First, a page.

"The Next Hundred Million" provides a vivid snapshot of America in 2050 by focusing not on power brokers, policy disputes, or abstract trends, but rather on the evolution of the more intimate units of American society—families, towns, neighborhoods, schools, industries. It is upon the success or failure of these communities, Kotkin argues, that the American future rests. Its greatest power will be its identification with notions of personal liberty, constitutional protections and universalism.” Beware of policy initiatives that seek to cut us off from these vital birthrights.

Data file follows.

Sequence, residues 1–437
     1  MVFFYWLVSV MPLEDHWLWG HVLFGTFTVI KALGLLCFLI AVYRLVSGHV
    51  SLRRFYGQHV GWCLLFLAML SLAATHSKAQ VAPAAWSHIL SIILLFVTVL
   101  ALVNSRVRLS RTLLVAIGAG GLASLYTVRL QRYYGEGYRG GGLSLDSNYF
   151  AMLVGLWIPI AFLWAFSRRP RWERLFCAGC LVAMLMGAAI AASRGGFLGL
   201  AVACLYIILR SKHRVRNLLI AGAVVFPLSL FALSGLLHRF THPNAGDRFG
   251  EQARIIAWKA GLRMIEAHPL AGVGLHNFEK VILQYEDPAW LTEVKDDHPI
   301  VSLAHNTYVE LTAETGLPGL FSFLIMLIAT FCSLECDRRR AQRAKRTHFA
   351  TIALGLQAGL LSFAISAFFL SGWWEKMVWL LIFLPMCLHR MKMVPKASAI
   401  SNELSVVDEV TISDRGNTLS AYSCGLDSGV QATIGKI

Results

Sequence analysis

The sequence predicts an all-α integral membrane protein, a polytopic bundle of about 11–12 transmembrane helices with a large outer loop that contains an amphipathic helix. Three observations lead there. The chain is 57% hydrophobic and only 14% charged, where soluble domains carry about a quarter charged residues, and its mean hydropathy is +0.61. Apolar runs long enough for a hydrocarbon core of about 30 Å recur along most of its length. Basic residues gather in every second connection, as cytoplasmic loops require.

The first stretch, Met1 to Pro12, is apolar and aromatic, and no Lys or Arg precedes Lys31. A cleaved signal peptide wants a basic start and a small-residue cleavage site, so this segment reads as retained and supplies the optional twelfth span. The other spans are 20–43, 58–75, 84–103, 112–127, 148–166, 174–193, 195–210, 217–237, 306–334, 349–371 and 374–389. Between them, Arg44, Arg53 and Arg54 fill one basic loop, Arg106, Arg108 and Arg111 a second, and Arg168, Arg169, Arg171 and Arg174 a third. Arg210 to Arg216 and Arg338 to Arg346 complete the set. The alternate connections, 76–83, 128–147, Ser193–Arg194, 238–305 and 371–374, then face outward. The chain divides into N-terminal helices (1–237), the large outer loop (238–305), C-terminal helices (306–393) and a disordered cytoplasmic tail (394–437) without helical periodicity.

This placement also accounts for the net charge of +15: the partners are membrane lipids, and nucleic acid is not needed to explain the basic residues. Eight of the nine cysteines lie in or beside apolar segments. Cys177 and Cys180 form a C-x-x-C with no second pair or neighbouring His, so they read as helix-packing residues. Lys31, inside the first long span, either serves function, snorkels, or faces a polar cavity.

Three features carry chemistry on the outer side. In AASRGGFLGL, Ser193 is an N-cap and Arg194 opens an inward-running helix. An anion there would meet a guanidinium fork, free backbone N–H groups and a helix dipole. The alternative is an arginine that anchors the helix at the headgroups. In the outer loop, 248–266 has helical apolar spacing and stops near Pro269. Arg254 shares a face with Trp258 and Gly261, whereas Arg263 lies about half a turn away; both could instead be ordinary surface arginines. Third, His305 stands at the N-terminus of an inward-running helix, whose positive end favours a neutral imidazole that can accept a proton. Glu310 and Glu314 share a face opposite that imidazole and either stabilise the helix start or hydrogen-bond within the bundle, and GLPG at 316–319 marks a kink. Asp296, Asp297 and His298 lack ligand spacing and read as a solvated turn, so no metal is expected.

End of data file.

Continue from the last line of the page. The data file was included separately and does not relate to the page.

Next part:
If you had to produce one single defense of Kotkin’s thesis, it is the concept (ironically, Japanese) of sokojikara, which he defines as our country’s “self-renewing power generated by its unique combination of high fertility, great diversity, and enormous physical assets.” Here is the strongest argument against viewing your community in a passive "glass is half empty" mindset. An exciting future is not winning a zero-sum race of dwindling possibilities...in our near future: community, a sense of place, a connection will carry more power -- both economic and cultural -- than where the factories of the last half-century were located. New eyes and new hope ... the only negative message: if you are not optimistically engaged in this work of community building, step aside for others are. Build your community; build your future!
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